TABLE 4
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Table 4. Distribution of motor times according GABR genotypes.

Table 5 shows the haplotype analysis results for the whole study group. Due to the high frequency of variant GABR alleles, no common haplotypes were observed. The most common haplotype had a frequency of about 6%, and rare haplotypes (with frequencies lower than 1%) accounted for almost 50% of all haplotypes identified. For that reason, and in order to refine the putative genetic associations, the effect of inferred haplotypes on reaction and motor times was studied for the SNPs that displayed any association in Tables 3, 4, the SNPs associated to the most common GABA-A receptor configuration and the SNPs associated to the subunit combinations that are the most sensitive to ethanol. Table 6 shows the association of haplotypes, adjusted by sex, with reaction and motor times. Several statistically significant associations were identified, even after FDR correction for multiple comparisons. However, some haplotypes caused modest changes in reaction or motor times. In addition, some haplotypes that caused larger changes are extremely rare. Table 6 was sorted by type of effect, then statistical significance and then effect intensity. Only two particular effects corresponded unambiguously to specific variant haplotype distributions, as compared to the reference haplotype GTCGT. These are the haplotype GCTGC (corresponding to variant alleles in GABRA6 and GABRB3), which is related to slower basal movement time, and the haplotype TTTAC (corresponding to variant alleles in GABRA4, GABRB3, GABRG2, and GABRR1), which is related to faster peak movement time. These two haplotypes, however, are extremely rare.

TABLE 5
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Table 5. GABR haplotypes in the whole study group.

TABLE 6
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Table 6. Statistically significant interactions of selected GABR haplotypes with reaction and motor times.

Discussion

Genetic variation in GABR genes has been related to ethanol effects in animal models, with controversial findings (Hanchar et al., 2004; Wallner et al., 2006; Borghese and Harris, 2007; Botta et al., 2007; Jia et al., 2007; Korpi et al., 2007; Lovinger and Homanics, 2007; Mody et al., 2007; Olsen et al., 2007; Santhakumar et al., 2007). This study analyzes for the first time the effect of common human GABR missense polymorphisms in reaction time, motor time and low-dose ethanol effects in vivo. Human GABR genes showed a modest inter-individual variability as compared to other genes. No common missense or stop polymorphisms have been described for GABRA1, 2, 3, and 5. In contrast, the genes GABRA4 and GABRA6 have one common missense polymorphism each. These genes encode subunits that have been reported to be related to low-dose ethanol effects (Hanchar et al., 2004; Wallner et al., 2006; Lovinger and Homanics, 2007) and, indeed, one of these polymorphisms is associated in this study to inter-individual differences in reaction times and in ethanol effects (GABRA4 rs2229940), whereas the other one is related to inter-individual differences in the motor times (GABRA6 rs4454083) although not to ethanol effects. In both cases, variant subunits are associated with faster times, which is consistent with a functional impairment in inhibitory receptors, such as GABA-A receptors. The amino acid substitution caused by the GABRA4 polymorphism rs2229940 is predicted as deleterious by using SIFT and as benign by using PolyPhen, and it was reported to display a marginal association with nicotine dependence (Agrawal et al., 2008, 2009). Predictions for the GABRA6 polymorphism are also deleterious with SIFT, with low confidence, possibly damaging with PolyPhen, but no clinical associations have been yet described.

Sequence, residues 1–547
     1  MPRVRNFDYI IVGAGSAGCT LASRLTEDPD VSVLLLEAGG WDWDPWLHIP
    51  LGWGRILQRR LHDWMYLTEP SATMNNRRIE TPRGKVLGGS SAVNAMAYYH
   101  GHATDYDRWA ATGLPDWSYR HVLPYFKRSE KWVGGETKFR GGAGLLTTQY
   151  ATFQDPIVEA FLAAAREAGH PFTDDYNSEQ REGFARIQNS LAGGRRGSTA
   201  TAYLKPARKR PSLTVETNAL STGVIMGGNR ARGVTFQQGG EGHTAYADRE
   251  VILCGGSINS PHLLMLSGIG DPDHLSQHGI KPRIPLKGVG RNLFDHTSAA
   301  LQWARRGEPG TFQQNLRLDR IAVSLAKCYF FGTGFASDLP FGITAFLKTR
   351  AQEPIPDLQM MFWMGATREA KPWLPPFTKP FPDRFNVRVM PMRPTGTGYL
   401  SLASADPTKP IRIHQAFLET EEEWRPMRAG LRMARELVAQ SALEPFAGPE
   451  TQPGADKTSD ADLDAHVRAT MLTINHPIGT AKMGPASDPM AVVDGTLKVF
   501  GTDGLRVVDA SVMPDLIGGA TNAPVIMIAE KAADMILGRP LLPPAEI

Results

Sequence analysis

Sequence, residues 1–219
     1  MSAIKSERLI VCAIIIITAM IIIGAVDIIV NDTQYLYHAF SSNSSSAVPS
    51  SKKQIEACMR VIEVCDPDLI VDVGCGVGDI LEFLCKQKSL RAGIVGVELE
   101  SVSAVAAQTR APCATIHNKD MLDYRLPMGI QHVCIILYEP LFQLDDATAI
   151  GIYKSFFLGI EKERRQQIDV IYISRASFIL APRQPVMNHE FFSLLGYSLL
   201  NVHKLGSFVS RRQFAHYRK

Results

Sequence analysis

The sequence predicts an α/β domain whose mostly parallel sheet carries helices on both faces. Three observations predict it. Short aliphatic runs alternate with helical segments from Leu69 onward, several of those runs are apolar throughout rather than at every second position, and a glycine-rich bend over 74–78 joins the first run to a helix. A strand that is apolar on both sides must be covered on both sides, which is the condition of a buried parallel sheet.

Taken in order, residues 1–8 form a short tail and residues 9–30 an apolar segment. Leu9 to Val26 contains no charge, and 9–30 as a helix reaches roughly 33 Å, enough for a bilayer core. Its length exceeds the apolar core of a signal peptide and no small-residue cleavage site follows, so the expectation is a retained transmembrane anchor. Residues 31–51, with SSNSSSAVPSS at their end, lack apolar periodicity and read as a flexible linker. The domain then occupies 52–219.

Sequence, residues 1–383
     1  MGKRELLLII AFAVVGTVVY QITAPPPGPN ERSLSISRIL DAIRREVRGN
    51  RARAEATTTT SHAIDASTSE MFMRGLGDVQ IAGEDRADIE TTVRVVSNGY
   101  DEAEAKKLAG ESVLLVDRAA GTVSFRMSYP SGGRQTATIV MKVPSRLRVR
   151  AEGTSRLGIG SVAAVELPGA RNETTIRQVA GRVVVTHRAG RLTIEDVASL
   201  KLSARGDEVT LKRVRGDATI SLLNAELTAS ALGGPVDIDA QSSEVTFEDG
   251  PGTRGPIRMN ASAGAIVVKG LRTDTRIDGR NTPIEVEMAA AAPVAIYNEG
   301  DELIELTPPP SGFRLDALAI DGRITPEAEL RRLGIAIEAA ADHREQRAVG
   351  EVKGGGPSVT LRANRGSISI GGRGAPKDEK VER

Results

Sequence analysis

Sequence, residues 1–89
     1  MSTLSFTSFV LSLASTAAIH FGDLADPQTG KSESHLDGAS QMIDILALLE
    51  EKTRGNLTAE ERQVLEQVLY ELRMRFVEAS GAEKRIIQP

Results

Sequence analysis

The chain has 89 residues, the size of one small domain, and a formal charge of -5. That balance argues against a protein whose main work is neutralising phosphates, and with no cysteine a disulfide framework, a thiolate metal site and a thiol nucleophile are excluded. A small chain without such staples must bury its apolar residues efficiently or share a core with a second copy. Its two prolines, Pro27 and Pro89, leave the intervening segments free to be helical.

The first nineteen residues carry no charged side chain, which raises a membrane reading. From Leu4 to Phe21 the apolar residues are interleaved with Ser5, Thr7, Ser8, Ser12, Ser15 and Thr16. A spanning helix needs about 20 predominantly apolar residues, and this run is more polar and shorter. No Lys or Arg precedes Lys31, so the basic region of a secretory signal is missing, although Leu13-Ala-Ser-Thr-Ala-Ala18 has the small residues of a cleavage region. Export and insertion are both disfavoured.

Besides GABRα4 and GABRα6, the GABA-A subunit combinations containing GABRβ3 and GABRδ are in the model proposed by Hanchar et al. as the primary targets for ethanol (Hanchar et al., 2004). GABRB3 has two common missense polymorphisms (Table 1) that are at complete linkage, and that in the present study are not associated to reaction times, motor times or ethanol effects (Tables 3, 4). As for GABRD, no common missense SNPs have been described (Table 1). Hence, among ethanol-sensitive subunit combinations, the strongest candidates to play a role in the genetic variability of ethanol effects are GABRα4 and GABRα6.